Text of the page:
This does not mean that German industry does not invest in research and development. EU statistics have consistently shown that Germany has been either first or second in European research and development expenditures, with only France coming close enough to be a real competitor. But those same and related statistics also have shown that the German lead has been shrinking and that Germany does not have the lead in computer-oriented research and development. In particular, they have shown that Germany has not been doing well at the global level, lagging behind the United States and even further behind Japan in the pace at which it has been increasing its research expenditures. In advanced-technology areas, Germany has been trailing badly. The total German private and public research effort has consistently amounted to about 2.8 percent of GDP, but that is about the same percentage as the United States and Japan and is clearly not enough to allow the smaller German economy to keep up. A German patent office study showed that by 1989 West Germany had fallen behind in three of four major areas of domestic patent grants compared with Japan and the United States.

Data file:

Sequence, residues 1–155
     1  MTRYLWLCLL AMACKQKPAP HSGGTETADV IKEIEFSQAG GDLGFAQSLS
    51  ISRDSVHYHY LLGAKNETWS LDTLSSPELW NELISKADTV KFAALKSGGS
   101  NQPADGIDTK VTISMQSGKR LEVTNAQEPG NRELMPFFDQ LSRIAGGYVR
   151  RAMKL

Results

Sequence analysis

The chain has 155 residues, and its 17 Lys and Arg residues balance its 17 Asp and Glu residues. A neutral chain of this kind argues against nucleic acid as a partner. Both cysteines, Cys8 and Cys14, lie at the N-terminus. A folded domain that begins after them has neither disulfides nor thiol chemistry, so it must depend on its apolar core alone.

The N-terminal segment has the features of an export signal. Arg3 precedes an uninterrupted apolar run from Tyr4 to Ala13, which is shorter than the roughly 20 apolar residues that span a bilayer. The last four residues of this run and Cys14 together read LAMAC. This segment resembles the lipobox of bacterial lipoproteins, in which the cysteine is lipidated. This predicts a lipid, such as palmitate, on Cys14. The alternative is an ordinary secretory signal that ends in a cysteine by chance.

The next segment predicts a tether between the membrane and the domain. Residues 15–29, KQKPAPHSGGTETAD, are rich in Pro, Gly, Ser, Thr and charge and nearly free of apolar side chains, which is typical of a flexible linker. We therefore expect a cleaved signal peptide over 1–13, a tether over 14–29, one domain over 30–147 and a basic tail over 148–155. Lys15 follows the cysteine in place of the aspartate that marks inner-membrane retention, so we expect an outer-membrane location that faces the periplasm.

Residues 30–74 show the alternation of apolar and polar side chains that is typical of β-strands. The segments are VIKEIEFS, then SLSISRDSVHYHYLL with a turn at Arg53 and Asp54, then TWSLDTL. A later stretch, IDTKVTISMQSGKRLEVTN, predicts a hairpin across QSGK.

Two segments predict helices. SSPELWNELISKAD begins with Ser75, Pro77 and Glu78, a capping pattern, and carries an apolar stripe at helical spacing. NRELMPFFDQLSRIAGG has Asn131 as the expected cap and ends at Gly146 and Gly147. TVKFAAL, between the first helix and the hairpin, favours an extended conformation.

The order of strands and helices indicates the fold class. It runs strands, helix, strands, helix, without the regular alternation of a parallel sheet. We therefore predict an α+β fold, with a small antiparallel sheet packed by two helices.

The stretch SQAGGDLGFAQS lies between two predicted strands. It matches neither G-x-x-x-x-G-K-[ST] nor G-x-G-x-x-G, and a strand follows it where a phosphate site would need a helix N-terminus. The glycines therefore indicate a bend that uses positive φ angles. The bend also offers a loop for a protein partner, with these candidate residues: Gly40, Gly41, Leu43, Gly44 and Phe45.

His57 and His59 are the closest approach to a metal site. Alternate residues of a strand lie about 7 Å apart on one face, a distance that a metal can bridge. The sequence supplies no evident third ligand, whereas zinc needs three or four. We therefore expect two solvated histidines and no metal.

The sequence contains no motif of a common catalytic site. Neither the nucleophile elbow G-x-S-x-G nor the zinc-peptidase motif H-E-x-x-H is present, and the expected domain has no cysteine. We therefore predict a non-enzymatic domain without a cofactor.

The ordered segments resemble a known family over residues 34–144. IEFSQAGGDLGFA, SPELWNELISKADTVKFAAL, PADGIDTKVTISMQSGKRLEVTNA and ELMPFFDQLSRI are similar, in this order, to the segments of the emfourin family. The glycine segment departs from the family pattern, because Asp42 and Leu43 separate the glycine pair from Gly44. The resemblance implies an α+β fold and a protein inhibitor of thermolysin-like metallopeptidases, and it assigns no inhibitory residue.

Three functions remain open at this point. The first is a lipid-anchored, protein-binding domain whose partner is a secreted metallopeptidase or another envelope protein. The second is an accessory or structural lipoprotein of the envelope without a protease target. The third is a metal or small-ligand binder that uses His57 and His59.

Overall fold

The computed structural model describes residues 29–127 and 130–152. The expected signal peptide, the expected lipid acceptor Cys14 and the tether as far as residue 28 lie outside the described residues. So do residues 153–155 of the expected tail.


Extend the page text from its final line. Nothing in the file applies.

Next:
German technological progress has been uneven. The country has certainly remained competitive in biotechnology and general medical research. The same could be said about its competitive position in smaller robotic machine tools and in many areas of electronic and even specialized computer research. But this does not compensate fully for the lag in cellular communications, microtechnology, and computers.
The German government has been slow to assist firms in technological development. There has been strong German financial and scientific participation in a variety of European programs, such as Esprit, Eureka, Jessi, Race, or Brite--programs that are designed to internationalize research at the European level to enable the smaller European states to compete against the United States and Japan. These European efforts are significant, but their results as of the mid-1990s have not allayed the concerns of many Germans about falling behind.
The institutes have also addressed another problem, the German lag in establishing new ventures. This shortcoming goes to the core of the total functioning of the German system, including the conservatism of banking and financial practices. Germany has not found a way to create an environment in which small entrepreneurs in new fields arise in large numbers.
With unification as Germany's principal economic priority, the debate about structural reform has taken second place, and the government is giving it less priority than it received in the 1980s. But it remains an issue and will continue to be so as other parts of the world economy--including Eastern Europe--become more competitive.